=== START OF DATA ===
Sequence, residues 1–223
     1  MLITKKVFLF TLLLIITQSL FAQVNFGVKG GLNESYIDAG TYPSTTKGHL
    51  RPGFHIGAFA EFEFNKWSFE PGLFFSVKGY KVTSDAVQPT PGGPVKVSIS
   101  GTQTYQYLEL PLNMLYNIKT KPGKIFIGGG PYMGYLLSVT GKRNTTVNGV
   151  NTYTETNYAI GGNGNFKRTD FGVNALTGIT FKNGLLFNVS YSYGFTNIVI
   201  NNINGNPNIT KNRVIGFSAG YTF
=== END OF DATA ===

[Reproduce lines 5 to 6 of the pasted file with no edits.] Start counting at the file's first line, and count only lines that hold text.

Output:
   151  NTYTETNYAI GGNGNFKRTD FGVNALTGIT FKNGLLFNVS YSYGFTNIVI
   201  NNINGNPNIT KNRVIGFSAG YTF